My 6 year old loves when I have deep conversations with him. Well the other night we got into one about heat/cold, light/dark, good/evil. I started out with the physical things to lead him into the latter conversation, which was my main goal because of something he said about good and bad when we were reading a book together.
So I pointed out for him that some people conceive of heat and cold as independent “things” and to make it hotter, you add more heat; to make it colder you add more cold. But I said that implies you could potentially make it as hot as you wanted–just add a bit more heat, and it gets hotter. There is no upper limit. And that if cold was some “thing” then you could keep getting colder forever, just add more cold. But then I asked him, what if there is just one thing, and the other is the absence of it? Which one is the real thing? So he says, “heat!” and I said, right–you can keep adding heat to make it hotter; but to make it colder you remove heat (then we digressed into a discussion of negative numbers: how you can do subtraction by adding a negative number to a positive one; and so on). That’s why, when you have removed all the heat there is, you can’t make it any colder: it’s absolute zero. (That led to a tangential discussion of the Fahrenheit, Celsius, Centigrade, and Kelvin scales.)
So he got the idea right away. Then we explored others: light/dark, etc. I tried to find examples of where this works and where it doesn’t. One that works is speed (as a scalar)–once you stop, remove all speed, you can’t slow down any more. (This led to a tangent about relativity: I explained that for speed while you can keep adding more, and go faster each time, there is an upper limit: c, the speed of light; although you approach it asymptotically so that in a sense you can always increase your speed a bit more.)
Then I went to the realm of ethics, in particular good and evil. We toyed with the idea that good is the real thing, and evil is just the absence of good. And that God, likewise (or Heaven), is the real thing, but “Hell” is just the lack of being with God. That lead to a tangential discussion of a passage in Lewis’s The Last Battle, where, during armageddon, Lewis illustrated the animals confronting Aslan (Jesus) at the gates to Aslan’s country (Heaven), and if they saw his face and smiled, they went in; if they were afraid, they became dumb animals and fled into the dark wilderness. Here is the idea that Hell is just the absence of being in God’s presence, as I was taught in Catholic school religion class. So here, too, is a case of the idea of one real thing: heaven/God/love, and you either have it, or not: there is not actual evil force or thing or substance. (This is also in a way what Rand believes as exemplified in Atlas Shrugged: the idea that evil is basically impotent.) (This Narnia excursion led us to go grab The Silver Chair and re-read my favorite passage from all of Lewis’s books, which we had read together months earlier, but which I re-read from time to time.)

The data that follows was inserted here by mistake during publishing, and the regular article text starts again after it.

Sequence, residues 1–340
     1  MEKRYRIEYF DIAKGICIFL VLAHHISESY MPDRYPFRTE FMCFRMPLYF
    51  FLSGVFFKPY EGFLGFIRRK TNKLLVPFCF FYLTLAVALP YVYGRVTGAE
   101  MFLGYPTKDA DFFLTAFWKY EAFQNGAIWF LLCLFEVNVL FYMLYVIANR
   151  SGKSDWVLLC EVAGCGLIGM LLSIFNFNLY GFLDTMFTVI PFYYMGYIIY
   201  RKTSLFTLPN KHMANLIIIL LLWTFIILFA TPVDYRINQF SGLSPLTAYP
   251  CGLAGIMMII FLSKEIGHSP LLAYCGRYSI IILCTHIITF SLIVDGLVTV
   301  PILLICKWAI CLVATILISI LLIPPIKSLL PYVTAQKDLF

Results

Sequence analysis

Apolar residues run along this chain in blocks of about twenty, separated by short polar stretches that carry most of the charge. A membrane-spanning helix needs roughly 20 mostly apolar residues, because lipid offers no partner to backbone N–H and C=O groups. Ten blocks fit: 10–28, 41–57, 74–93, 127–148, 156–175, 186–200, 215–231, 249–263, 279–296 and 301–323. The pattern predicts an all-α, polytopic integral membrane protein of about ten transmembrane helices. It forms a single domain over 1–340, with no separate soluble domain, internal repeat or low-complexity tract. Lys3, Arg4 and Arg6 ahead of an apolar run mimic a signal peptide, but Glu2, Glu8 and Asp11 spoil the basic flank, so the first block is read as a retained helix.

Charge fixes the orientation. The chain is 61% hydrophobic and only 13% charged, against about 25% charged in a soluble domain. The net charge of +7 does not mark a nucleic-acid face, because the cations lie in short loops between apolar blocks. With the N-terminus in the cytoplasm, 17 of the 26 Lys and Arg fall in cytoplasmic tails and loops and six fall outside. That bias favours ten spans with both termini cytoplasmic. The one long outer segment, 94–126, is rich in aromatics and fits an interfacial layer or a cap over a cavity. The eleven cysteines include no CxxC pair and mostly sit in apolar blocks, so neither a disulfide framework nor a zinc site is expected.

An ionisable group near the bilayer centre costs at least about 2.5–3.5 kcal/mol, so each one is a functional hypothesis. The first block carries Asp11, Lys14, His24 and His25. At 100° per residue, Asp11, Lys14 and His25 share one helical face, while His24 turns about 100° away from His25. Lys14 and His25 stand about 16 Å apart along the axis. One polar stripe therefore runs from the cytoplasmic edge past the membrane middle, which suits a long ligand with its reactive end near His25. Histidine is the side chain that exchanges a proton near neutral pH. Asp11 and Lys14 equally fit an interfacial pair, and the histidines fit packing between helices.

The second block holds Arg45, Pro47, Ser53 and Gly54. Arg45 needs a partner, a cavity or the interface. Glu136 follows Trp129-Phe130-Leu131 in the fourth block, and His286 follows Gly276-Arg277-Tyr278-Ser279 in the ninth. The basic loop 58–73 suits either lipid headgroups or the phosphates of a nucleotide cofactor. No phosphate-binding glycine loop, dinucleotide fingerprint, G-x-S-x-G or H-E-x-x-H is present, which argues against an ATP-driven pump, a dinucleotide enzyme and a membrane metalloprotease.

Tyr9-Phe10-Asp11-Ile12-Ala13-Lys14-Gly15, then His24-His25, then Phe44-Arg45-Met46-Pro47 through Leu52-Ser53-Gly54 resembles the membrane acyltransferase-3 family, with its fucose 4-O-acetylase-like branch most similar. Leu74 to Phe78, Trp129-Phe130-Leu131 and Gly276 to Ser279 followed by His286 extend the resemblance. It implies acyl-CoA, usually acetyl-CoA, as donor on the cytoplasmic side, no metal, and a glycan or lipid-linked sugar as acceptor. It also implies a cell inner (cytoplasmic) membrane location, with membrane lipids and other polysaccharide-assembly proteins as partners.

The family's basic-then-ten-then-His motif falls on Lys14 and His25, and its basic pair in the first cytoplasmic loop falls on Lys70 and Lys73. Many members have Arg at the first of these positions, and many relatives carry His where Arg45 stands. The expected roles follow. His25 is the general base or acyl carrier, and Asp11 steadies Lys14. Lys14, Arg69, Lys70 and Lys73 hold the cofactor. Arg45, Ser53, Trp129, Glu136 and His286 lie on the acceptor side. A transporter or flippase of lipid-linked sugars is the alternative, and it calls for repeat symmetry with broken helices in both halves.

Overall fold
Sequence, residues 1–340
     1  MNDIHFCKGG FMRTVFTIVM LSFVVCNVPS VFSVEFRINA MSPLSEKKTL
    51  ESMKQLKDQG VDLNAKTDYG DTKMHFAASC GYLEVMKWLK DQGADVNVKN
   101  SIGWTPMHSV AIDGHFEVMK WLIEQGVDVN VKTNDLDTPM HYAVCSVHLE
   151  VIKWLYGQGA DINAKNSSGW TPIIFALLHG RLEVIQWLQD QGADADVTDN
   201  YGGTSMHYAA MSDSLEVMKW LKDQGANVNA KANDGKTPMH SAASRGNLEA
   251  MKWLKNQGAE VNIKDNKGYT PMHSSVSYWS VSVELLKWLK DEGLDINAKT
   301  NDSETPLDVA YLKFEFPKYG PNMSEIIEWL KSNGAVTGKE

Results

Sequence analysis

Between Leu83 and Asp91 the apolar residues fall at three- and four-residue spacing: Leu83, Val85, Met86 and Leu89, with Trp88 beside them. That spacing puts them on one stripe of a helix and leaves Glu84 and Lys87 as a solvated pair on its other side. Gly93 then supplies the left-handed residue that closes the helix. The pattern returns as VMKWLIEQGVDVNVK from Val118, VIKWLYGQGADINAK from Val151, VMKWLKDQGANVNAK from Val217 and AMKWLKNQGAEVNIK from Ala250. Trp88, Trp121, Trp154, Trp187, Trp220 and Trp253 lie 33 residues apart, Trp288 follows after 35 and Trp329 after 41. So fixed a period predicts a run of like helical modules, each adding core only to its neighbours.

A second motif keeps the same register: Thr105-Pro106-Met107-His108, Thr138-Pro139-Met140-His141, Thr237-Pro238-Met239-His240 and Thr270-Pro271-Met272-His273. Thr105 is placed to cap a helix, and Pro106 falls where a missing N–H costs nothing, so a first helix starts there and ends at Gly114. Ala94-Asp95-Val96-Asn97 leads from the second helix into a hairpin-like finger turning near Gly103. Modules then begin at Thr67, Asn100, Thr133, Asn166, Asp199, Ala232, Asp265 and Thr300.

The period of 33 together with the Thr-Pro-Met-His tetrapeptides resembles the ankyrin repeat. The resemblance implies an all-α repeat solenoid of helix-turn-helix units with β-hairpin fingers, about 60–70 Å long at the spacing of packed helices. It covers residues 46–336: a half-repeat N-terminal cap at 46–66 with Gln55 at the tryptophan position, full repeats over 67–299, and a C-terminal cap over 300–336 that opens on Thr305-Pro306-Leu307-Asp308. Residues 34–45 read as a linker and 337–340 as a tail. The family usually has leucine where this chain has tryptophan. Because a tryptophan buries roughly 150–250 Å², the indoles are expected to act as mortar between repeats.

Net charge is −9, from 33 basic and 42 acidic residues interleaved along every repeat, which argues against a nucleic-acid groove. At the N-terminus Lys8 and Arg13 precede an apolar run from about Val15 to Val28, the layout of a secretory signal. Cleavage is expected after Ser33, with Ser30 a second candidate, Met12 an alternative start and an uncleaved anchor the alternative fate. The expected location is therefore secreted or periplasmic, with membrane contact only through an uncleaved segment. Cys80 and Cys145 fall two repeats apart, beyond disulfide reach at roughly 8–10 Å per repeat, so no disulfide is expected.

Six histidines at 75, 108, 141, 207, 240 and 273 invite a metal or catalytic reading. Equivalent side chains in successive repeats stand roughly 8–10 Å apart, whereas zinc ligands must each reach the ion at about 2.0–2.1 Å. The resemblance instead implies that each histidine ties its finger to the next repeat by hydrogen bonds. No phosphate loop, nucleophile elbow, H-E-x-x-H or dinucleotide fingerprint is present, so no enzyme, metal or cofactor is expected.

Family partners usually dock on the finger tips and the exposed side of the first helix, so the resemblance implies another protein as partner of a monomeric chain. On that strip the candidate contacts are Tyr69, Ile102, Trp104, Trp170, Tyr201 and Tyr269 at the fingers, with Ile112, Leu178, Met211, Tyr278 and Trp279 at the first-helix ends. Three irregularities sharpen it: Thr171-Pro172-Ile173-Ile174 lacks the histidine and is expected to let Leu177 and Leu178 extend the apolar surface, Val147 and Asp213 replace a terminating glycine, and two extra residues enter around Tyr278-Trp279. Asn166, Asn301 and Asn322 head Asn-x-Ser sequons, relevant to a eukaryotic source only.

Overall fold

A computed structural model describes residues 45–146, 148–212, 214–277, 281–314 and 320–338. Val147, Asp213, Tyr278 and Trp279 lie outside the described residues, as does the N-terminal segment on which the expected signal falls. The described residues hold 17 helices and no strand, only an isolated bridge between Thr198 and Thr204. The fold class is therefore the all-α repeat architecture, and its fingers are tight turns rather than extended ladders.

Anyway, I’m getting to the point. When we were talking about this idea, that Hell is not a real place, but just means the absence-of-Heaven, of course we discussed the conventional view: good people die and go to Heaven; bad people die and go to Hell. My boy said, well, what happens? I said, well, Satan tortures them. My son says, “Why?” I said, well, Satan is bad, so he likes to torture people, I guess. My boy said, asking a question that struck me because I had never thought of it this way before: “But I don’t get it. Why would he torture people on his team?” And I have to say, he sort of stumped me.
I love the minds of children.